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Klinger wins U.S. Open with strong final day

Klinger wins U.S. Open with strong final day

By Dan O'Sullivan

When the smoke had cleared on one of the toughest WON Bass U.S. Opens to date, one man stood free of the flames; that man was Tim Klinger of Boulder City, Nev., a local pro and former FLW Tour champion who has faced fires of his own in the fickle sport that is professional bass fishing.

Klinger started the final day of the event with 21.15 pounds; less than a pound off the pace set by Las Vegas Cody Steckel, who showed consistency over the first 2 days, posting a total of 22.03 pounds.

Klinger started the tournament with a 7.66-pound limit on day 1 that found him in 42nd place for the day. However, he brought the heaviest five-fish limit of the tournament to the scales on day 2 a 13.49-pound effort that included a 5-pounder, to move to 2nd place. On the final day, when it counted the most, he posted the only double-digit limit of the day, a 10.92-pound bag, bringing his three-day total to 32.07 pounds, claiming his first U.S. Open Championship.

With the victory, he earned the $100,000 cash prize and the keys to a 2021 Bass Cat Puma FTB, powered by a 250 horsepower Mercury ProXS outboard valued at $64,000 presented to him by Rick Pierce, president of Bass Cat Boats.

Klinger was visibly moved as he was named the champion.

Ive wanted to win this tournament for a lot of years, and Ive been close before, but this is especially sweet, he said. To be able to win this while my dad is still with us means the world to me; I could never win another tournament again and be happy that he got to see it.

Klinger said that his winning combination was an 8.5-inch curly-tail Berkley PowerBait Power Worm (motor oil or green-pumpkin) on 5/16- to 1/2-ounce tungsten weights and a 4/0 Hayabusa HD Worm Hook. He also mixed in a PowerBait Chigger Craw to add a few fish.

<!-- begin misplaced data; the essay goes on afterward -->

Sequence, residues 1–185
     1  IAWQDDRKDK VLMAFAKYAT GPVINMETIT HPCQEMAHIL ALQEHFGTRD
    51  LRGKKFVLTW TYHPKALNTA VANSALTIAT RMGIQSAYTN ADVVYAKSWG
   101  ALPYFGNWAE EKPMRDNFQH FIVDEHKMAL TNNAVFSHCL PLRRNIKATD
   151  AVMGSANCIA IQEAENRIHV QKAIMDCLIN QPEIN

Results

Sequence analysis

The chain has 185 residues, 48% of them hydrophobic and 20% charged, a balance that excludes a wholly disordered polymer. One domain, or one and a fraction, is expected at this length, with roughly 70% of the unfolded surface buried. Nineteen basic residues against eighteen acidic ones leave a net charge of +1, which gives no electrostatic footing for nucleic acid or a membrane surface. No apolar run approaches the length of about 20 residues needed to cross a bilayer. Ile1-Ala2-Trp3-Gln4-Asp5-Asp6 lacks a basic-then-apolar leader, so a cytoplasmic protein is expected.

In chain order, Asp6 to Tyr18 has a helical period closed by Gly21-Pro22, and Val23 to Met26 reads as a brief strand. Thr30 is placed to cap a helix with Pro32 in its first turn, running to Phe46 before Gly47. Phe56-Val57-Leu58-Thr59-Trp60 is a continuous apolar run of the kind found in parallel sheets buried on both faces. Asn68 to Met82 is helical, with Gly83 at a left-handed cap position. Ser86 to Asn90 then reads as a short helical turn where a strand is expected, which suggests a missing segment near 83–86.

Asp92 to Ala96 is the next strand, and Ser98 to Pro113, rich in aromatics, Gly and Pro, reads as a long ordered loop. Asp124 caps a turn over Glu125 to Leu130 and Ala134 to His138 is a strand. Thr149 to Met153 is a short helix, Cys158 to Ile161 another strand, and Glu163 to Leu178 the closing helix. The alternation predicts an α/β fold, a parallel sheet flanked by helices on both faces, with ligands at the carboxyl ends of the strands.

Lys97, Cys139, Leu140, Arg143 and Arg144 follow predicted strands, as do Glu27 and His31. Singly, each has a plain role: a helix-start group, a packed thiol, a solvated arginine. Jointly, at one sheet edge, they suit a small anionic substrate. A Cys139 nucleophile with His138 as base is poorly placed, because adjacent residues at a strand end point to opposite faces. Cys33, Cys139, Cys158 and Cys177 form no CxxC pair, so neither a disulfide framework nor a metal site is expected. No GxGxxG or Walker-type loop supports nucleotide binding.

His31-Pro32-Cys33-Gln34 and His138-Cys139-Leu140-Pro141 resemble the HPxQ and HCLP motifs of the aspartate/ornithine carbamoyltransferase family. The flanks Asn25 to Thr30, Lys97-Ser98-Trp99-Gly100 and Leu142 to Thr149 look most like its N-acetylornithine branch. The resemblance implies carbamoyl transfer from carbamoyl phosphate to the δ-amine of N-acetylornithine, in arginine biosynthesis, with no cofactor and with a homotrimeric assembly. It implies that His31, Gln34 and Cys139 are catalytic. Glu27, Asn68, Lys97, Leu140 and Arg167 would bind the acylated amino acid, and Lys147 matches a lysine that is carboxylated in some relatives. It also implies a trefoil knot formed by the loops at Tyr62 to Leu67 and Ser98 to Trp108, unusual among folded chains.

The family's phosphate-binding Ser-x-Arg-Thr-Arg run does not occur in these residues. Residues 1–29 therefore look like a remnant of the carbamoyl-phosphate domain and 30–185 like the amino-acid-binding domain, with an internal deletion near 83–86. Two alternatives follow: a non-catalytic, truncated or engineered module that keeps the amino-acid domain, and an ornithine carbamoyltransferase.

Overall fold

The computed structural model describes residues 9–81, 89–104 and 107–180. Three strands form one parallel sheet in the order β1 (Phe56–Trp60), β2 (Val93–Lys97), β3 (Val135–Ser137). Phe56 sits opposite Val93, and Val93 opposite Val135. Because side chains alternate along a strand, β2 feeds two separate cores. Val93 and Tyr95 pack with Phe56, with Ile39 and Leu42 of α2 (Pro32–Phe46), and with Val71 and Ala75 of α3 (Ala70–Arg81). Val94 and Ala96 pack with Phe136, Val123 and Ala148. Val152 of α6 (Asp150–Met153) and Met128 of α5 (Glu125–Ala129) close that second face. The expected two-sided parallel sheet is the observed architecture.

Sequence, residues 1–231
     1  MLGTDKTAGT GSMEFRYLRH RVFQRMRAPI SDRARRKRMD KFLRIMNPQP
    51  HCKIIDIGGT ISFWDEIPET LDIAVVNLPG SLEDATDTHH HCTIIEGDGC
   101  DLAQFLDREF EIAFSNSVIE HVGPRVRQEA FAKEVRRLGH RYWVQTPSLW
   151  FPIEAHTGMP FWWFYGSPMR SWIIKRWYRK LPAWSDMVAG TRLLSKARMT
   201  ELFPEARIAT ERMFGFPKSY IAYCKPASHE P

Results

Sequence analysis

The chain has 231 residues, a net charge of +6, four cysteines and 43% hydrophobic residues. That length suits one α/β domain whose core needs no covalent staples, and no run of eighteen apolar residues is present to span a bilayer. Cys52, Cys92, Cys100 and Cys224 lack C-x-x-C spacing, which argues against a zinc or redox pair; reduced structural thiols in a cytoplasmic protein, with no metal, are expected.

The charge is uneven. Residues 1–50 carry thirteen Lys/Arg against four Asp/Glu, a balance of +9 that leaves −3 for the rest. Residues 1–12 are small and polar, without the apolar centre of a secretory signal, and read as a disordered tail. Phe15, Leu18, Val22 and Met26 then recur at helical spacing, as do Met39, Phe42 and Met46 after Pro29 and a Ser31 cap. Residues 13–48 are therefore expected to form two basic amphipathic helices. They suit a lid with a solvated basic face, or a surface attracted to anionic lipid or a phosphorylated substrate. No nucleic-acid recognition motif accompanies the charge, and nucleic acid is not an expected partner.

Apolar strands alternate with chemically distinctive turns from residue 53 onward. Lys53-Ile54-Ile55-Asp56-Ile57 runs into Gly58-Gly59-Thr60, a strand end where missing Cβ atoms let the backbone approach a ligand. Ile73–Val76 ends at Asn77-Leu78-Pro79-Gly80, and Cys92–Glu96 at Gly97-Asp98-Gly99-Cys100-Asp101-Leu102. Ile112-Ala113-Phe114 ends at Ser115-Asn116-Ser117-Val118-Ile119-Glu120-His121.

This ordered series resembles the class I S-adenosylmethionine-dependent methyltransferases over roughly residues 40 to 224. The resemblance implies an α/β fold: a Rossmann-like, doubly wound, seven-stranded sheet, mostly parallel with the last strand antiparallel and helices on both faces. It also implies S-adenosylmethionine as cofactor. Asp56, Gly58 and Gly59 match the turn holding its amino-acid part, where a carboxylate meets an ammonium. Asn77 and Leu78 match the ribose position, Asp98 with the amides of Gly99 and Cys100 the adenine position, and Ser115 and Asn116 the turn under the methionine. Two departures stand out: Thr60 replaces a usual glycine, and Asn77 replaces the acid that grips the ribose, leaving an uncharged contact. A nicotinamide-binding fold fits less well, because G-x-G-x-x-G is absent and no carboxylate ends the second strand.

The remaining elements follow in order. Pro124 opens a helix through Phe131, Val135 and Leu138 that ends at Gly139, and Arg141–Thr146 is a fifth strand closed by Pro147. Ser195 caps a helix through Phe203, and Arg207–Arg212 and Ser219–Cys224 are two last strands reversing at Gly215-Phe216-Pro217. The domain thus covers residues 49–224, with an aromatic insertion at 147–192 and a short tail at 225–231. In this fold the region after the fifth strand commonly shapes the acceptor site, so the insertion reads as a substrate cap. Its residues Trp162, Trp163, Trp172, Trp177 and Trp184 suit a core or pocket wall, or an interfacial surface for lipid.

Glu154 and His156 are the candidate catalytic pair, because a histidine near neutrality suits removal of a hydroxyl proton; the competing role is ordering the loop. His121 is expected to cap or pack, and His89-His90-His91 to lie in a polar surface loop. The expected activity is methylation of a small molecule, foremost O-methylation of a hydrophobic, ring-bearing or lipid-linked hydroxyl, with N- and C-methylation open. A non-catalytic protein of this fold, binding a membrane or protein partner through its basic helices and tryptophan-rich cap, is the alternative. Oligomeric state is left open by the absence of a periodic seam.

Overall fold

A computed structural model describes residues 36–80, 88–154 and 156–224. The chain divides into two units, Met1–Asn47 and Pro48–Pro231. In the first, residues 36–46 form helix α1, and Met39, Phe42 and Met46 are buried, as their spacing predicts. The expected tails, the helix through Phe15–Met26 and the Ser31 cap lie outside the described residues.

He spent half of the first day in the Vegas Wash area, but ran to a backup area in the Overton arm. I found a spot that had some deep trees on it many years ago when the lake was low and I visited it several times. They finally showed up on it late yesterday, he said. I was fishing in 18 feet of water and had it all to myself, there wasnt a boat within a half mile of me. I still cant believe this is real.

Former U.S. Open champion Roy Hawk of Lake Havasu City, Ariz., posted a 9.60-pound limit on day 3 to leap two spots to finish 2nd for the event with 29.01 pounds and claim $22,000 in cash. He said he fished the Vegas Wash, targeting schooling fish early, then turned to jigs, worms and dropshot rigs to fill his limits each day.

I used an Evergreen Showerblows and a Duo Realis Pencil 110 both in shad patterns, he said. I really wanted to win, but I am absolutely pleased to finish 2nd to Timmy; he really deserves it and Im really happy for him.

Steckel stumbled for the first time this week, posting 6.32 pounds to bring his total to 28.35 pounds, finishing in 3rd place. Fourth place went to Whittier, Calif. anger Scott Helleson with 25.06 pounds, and Dennis Kolender, of Santee, Calif. finished 5th with 24.30 pounds.

The AAA division winner was Hector Garcia from Poway, Calif. He posted a 3-day total of 24.09 pounds to earn $10,600 in cash, along with prizes valued at more than $5,000.

This is amazing to win because the U.S. Open is such a grind, he said. I want to thank my boaters for a great week. I lost my dad recently, this is for him.

Second place in the AAA Division ended in a tie, Folsom, Calif. angler Westly Gritts and Kevin Burgess of Kingman, Ariz. with 23.76 pounds each. Fourth place went to day one leader Luke Spreitzer of Phoenix, Ariz. with 23.51 pounds, and rounding out the top five was Clearlake, Calif. angler Dylan Watson with 23.32 pounds.

For final pro standings, click here.

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